Etiquette

Guest List Etiquette

Hello fellow brides-to-be,

Im not getting married until October 2017 but I am trying to get a guest count that way I can determine venue and get that on lock down. I will start out by saying my father's side alone is 4 uncles, 3 aunts, 7 of their spouses/significant others and 21 cousins..so this is not even including my mother's side or fiance's father's side immediate family and friends. When determining the "plus 1", what is the "rule of thumb" or  guest etiquette? We both have cousins and friends that are married, so we will address the invitations as a family to them but how do I go about the others? Does everyone over the age of 18 get the option of plus 1? Im really confused and stressed about the guests.

Re: Guest List Etiquette

  • People who are in a relationship should be invited together.  No one else needs to have a plus one.  However, relationships change over time, and some people will expect that their significant others will be invited when the time comes to send out invitations.
    Choose a wedding style and venue that is flexible enough to include extra people.  Be flexible.
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    SP29VicTim328
  • ILoveBeachMusicILoveBeachMusic Indiana
    1000 Comments 500 Love Its Second Anniversary 5 Answers
    member
    All people who are in a relationship (doesn't matter how long) have their significant other invited by name. If you don't know their name, find out what it is. A true plus one is a person your guest invites, and you have no say in who it is. There is no rule about plus ones. You can offer them or not. It is totally up to you and your budget. At DD's wedding, no plus ones were extended, but most people had SOs.
    SP29
  • Hello fellow brides-to-be,

    Im not getting married until October 2017 but I am trying to get a guest count that way I can determine venue and get that on lock down. I will start out by saying my father's side alone is 4 uncles, 3 aunts, 7 of their spouses/significant others and 21 cousins..so this is not even including my mother's side or fiance's father's side immediate family and friends. When determining the "plus 1", what is the "rule of thumb" or  guest etiquette? We both have cousins and friends that are married, so we will address the invitations as a family to them but how do I go about the others? Does everyone over the age of 18 get the option of plus 1? Im really confused and stressed about the guests.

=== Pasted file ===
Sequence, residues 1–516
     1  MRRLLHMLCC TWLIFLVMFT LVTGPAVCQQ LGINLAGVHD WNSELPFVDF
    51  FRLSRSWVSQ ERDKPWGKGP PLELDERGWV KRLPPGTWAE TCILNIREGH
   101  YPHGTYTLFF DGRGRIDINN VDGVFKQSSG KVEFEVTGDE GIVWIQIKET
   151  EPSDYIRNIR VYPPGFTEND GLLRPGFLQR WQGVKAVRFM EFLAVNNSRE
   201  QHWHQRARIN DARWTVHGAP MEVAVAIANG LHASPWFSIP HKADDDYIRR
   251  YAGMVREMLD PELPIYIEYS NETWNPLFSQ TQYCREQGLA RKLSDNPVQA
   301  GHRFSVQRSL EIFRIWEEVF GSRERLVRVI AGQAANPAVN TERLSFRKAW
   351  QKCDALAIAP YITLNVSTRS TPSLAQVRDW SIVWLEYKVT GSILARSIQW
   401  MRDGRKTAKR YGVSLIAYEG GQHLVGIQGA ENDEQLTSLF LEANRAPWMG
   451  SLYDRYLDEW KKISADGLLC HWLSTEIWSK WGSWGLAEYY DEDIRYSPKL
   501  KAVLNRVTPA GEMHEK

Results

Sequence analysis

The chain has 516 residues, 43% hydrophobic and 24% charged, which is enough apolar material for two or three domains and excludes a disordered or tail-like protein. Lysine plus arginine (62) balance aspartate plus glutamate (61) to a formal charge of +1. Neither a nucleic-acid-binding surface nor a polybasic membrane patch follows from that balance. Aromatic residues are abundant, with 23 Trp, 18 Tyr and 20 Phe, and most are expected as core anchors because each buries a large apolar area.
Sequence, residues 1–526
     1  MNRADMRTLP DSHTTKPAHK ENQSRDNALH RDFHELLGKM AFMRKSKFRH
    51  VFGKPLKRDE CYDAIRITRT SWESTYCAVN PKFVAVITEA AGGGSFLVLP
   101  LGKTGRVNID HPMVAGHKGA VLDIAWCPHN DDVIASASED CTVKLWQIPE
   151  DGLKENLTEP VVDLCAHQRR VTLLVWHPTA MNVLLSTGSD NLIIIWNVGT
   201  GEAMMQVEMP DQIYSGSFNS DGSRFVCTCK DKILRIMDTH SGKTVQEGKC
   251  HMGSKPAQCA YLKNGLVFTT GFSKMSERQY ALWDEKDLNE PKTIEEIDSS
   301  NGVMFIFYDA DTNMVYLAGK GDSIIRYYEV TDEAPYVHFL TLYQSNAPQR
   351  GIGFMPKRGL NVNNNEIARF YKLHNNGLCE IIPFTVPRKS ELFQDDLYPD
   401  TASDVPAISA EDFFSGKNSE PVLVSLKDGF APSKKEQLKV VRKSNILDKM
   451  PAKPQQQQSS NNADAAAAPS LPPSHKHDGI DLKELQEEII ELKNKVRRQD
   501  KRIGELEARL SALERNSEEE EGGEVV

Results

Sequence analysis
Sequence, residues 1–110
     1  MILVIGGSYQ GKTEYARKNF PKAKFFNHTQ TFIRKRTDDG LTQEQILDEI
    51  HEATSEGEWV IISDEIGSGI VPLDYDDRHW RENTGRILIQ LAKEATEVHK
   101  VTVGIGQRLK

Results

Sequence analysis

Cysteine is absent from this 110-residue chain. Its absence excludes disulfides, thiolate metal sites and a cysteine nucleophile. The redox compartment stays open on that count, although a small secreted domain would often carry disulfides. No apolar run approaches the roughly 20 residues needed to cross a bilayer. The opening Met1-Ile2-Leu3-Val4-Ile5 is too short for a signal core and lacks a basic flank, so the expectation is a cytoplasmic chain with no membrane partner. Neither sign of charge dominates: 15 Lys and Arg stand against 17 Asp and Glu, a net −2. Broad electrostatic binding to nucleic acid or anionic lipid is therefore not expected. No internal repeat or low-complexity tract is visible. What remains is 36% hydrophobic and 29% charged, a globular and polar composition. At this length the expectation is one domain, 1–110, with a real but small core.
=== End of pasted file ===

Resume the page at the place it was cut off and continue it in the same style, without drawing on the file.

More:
If anyone is in a relationship that person needs to be invited with his/her SO.

    Since you're this far out, I'd budget that all your adult single guests could be with a SO by that time.   It may not be likely but you could have guests fall in love and get married by the time you walk down the aisle.

    When you're addressing a married couple, make sure that you're inviting them by name.

    Another way to cut down on guests is to invite in circles.   That can work well - especially if you're welcoming some children.   Our cousins' children were invited to our wedding but not the children of our friends.   It sounds like you're on the right track.  Figure out your guest list and THEN figure out where you're having the reception. 
    SP29VicTim328adk19
  • Everyone who is in a relationship (18+) must have their significant other invited.  Whether or not they are in a relationship is determined by them, not by you (i.e., if your 25-year-old cousin has been dating someone for 4 months, and you haven't met her, but he considers her his girlfriend, then she must by invited by name on the invite.  Things like length of time/seriousness of relationship is not up to you to determine).  This is different than a plus one.

    A plus one is given to a truly single guest (i.e. your other 25 year old cousin who is not dating anyone... 100% single).  If you have the space and $$, you can give them a plus 1, meaning you'd include "and Guest" on their invitation.  This means they can bring anyone they want... a date, a friend, whomever.  These are totally optional and you do not have to accommodate plus ones if you don't want to or cannot.

    One word of advice since you are so far out... once you make your list, add in a "placeholder" guest for all of your single family and friends.  By the time next year rolls around and you are ready to send invites, the people who are truly single now could be in a relationship by then, and you will have wanted to give yourself a cushion so that you aren't scrambling to figure out how to add them at the last minute.  This mostly evened out for us... some of our single friends were in relationships at invite time, and some of our couples had broken up by then.  You may end up with a lower guest count in the end if a lot of your singles remain single, but it means WAY less stress for you and you could also end up a little under budget at the end, which can't be a bad thing.


    SP29kimmiinthemitten
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